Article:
Questions Asked But Not Always Answered

Questions Asked But Not Always Answered

GUEST POST from Mike Shipulski

This seems like a repeat of the last time we set a project launch date without regard for the work content. Do you see it that way?

This person certainly looks the part and went to the right school, but they have not done this work before. Why do you think we should hire them even though they don’t have the experience?

The last time we ran a project like this it took two years to complete. Why do you think this one will take six months?

If it didn’t work last time, why do you think it will work this time?

Why do you think we can do twice the work we did last year while reducing our headcount?

The work content, timeline, and budget are intimately linked. Why do you think it’s possible to increase the work content, pull in the timeline, and reduce the budget?

Seven out of thirteen people have left the team. How many people have to leave before you think we have a problem?

Yes, we’ve had great success with that approach over the last decade, but our most recent effort demonstrated that our returns are diminishing. Why do you want to do that again?

If you think it’s such a good idea, why don’t you do it?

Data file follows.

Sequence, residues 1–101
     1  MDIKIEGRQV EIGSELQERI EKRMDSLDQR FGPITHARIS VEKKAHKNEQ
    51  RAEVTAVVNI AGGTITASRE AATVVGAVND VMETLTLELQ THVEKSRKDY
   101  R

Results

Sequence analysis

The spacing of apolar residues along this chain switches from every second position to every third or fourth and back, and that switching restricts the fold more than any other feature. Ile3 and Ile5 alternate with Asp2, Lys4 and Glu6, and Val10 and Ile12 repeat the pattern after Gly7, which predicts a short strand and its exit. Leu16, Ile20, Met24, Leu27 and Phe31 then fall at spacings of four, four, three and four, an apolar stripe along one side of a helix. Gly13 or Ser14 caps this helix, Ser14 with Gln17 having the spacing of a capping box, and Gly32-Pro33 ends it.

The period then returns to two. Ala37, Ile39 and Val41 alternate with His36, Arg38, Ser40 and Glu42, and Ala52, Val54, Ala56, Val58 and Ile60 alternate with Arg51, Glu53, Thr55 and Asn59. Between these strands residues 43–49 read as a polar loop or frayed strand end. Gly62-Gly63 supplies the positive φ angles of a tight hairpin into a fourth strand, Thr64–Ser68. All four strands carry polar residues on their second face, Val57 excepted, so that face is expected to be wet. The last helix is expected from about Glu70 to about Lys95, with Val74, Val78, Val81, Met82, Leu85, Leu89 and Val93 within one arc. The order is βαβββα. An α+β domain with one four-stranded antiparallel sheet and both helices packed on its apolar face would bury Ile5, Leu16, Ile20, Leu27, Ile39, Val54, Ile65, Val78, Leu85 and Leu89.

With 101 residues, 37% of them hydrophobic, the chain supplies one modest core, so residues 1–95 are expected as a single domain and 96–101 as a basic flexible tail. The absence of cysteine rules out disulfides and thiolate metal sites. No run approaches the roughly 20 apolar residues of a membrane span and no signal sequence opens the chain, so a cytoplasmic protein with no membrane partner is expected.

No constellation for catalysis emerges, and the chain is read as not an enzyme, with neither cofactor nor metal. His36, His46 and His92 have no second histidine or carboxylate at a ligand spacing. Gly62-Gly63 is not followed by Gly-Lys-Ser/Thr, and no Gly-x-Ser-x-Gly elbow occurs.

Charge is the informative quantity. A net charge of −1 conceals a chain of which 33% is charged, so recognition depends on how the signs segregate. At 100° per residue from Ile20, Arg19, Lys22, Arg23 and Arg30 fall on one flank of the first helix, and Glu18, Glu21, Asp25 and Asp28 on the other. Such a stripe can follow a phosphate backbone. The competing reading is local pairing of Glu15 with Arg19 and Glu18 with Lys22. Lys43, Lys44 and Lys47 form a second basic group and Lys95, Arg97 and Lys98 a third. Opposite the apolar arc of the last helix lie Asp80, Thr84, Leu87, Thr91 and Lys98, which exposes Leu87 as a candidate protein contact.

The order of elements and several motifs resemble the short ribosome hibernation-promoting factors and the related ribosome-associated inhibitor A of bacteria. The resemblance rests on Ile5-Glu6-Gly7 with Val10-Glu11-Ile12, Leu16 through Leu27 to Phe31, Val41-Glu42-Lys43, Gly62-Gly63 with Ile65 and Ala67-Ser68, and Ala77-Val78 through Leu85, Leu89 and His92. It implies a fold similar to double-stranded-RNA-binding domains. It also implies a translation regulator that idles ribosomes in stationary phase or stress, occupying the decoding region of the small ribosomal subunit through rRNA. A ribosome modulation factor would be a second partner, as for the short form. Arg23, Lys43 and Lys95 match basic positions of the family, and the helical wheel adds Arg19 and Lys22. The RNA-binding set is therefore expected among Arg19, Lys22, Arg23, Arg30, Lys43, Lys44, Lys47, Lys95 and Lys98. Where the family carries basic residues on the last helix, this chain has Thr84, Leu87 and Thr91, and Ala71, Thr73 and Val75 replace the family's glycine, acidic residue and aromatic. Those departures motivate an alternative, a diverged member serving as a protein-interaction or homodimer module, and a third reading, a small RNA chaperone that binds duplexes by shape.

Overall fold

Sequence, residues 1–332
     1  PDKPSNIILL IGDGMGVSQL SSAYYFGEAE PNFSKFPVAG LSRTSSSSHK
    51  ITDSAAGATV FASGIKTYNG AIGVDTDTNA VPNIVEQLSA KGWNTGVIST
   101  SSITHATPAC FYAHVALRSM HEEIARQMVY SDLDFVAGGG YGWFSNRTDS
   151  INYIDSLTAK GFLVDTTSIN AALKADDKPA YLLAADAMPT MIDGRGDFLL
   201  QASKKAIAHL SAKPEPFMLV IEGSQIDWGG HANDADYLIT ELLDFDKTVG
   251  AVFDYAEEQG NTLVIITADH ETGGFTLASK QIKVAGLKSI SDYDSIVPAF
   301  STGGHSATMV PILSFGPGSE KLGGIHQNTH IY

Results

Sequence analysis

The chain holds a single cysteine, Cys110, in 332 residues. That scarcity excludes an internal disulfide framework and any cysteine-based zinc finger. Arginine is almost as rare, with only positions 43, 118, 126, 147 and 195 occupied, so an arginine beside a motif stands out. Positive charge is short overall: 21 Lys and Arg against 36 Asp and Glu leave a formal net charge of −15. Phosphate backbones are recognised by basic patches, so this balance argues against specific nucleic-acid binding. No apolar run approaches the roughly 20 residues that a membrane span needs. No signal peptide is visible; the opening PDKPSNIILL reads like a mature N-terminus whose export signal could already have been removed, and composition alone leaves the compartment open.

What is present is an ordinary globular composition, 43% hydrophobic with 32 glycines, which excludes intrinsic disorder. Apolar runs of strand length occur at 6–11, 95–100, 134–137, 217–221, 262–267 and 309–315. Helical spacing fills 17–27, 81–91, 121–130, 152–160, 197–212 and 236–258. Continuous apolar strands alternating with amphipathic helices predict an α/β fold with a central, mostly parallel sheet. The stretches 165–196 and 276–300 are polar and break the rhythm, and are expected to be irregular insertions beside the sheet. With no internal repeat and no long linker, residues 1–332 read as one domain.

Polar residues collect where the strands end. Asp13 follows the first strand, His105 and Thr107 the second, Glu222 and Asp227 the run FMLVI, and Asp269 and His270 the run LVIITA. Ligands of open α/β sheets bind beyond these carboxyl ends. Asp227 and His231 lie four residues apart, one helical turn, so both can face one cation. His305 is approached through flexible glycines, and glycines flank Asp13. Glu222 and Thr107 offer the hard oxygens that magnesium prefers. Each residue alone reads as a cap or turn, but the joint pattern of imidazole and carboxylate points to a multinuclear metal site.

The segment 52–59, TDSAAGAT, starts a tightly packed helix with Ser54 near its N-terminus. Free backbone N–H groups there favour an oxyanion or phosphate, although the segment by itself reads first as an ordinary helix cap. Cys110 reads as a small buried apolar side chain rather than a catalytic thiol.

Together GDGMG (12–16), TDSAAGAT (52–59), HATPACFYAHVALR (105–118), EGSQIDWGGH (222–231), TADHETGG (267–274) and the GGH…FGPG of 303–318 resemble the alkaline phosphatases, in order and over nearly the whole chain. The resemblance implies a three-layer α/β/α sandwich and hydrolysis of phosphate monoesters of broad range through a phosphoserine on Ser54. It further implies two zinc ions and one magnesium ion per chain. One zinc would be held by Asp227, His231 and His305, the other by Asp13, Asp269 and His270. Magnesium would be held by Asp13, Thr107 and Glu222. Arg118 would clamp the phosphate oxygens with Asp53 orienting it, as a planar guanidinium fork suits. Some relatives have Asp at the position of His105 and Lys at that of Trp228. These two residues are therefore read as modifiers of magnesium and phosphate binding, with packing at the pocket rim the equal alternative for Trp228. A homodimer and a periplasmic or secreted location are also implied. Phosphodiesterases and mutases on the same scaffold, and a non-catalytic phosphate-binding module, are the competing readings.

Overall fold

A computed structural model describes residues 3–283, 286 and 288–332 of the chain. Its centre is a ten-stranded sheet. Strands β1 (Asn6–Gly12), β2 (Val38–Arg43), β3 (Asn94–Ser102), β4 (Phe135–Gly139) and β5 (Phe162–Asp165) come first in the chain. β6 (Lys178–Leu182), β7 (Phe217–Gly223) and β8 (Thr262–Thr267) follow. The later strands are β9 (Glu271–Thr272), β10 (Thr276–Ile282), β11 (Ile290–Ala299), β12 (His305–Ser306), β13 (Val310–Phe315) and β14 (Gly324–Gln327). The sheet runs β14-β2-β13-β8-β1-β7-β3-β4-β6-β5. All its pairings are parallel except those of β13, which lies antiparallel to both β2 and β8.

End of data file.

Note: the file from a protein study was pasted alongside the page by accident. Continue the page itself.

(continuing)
Why do you think it’s okay to add another project when we’re behind on all our existing projects?

Customers are buying the competitive technology. Why don’t you believe that they’re now better than we are?

This work is critical to our success, yet we don’t have the skills sets, capacity, or budget to hire it out. Why are you telling us you will get it done?

This problem seems to fit squarely within your span of responsibility. Why do you expect other teams to fix it for you?

I know a resource gap of this magnitude seems unbelievable but is what the capacity model shows. Why don’t you believe the capacity model?

We have no one to do that work. Why do you think it’s okay to ask the team to sign up for something they can’t pull off?

Based on the survey results, the culture is declining. Why don’t you want to acknowledge that?

Image credit: Pixabay

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